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Last edited by Hujan; 10-02-2013 at 01:14 PM.
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      09-29-2013, 12:24 PM   #2
mkPOTO
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Love the pedals! I need to get a set, thanks for the pics and review
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      09-29-2013, 12:55 PM   #3
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Dang. Looks good. We're did you buy them?
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      09-29-2013, 02:13 PM   #4
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Quote:
Originally Posted by mkPOTO View Post
Love the pedals! I need to get a set, thanks for the pics and review
You're welcome! Definitely gives the interior an OEM+ look.

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Originally Posted by CoronazonaM3 View Post
Dang. Looks good. We're did you buy them?
I bought the paddles from EAS and the pedals from BMW Pedals directly.

If you want any kind of laser etching on the pedals, I'd probably go through BMW Pedals to cut out a middle man, which can only increase the potential for problems. Also the shipping was super fast from BMW Pedals.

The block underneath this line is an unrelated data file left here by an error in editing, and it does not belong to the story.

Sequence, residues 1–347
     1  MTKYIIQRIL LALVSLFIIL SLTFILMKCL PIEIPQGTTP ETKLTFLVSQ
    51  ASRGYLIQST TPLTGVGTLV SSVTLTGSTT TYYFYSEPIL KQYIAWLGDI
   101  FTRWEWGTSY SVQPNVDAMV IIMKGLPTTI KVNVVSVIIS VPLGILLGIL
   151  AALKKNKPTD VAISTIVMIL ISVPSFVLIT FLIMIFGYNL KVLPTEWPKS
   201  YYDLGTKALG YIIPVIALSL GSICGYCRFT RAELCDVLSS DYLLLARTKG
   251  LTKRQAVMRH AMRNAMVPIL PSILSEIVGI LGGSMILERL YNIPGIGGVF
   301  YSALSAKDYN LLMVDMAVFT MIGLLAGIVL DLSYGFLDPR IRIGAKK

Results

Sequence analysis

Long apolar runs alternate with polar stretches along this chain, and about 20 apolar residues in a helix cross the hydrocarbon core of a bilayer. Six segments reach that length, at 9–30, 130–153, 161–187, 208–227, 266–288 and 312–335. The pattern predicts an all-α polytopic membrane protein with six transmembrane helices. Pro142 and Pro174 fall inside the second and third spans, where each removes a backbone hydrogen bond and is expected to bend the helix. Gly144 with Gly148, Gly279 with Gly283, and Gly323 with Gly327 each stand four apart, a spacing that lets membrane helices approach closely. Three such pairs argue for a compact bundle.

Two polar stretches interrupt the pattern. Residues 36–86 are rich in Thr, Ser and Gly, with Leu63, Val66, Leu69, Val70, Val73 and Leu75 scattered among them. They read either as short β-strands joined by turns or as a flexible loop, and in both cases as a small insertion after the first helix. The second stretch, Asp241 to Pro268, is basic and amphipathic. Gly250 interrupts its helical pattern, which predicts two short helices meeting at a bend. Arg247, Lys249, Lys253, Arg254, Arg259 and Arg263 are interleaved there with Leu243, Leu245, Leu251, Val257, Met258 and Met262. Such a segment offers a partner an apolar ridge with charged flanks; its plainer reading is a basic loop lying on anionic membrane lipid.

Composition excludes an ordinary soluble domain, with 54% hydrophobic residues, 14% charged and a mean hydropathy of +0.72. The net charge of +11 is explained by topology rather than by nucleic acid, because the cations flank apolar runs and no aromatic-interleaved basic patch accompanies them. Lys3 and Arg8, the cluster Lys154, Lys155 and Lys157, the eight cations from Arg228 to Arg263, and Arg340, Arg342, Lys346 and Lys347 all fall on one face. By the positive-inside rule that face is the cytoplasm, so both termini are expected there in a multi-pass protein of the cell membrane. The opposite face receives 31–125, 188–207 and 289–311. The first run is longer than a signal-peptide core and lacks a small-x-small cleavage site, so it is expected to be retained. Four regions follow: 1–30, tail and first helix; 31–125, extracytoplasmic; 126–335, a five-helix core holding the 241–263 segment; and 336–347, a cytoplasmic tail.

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      09-29-2013, 10:11 PM   #5
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Looks boss
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      09-30-2013, 09:56 PM   #6
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Why would you go without the coloring on the dead pedal? Does it look cheesy in person? I think the pics make it look pretty damn good.
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      10-02-2013, 01:07 PM   #7
Hujan
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Quote:
Originally Posted by 1M_@teewhybs View Post
Looks boss
Thanks!

Quote:
Originally Posted by OilPatch View Post
Why would you go without the coloring on the dead pedal? Does it look cheesy in person? I think the pics make it look pretty damn good.
No, it looks pretty good in person. It's just that I saw a setup somewhere that had the "///M" laser etched with no ink or colors and liked the subtle look. I was as subtle as the "+" and "-" on the paddles, which I dig. You can't go wrong either way.
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      10-02-2013, 02:51 PM   #8
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I have the same pedals...I love them as well!


IMG_2219a by dj_dub, on Flickr


IMG_2221a by dj_dub, on Flickr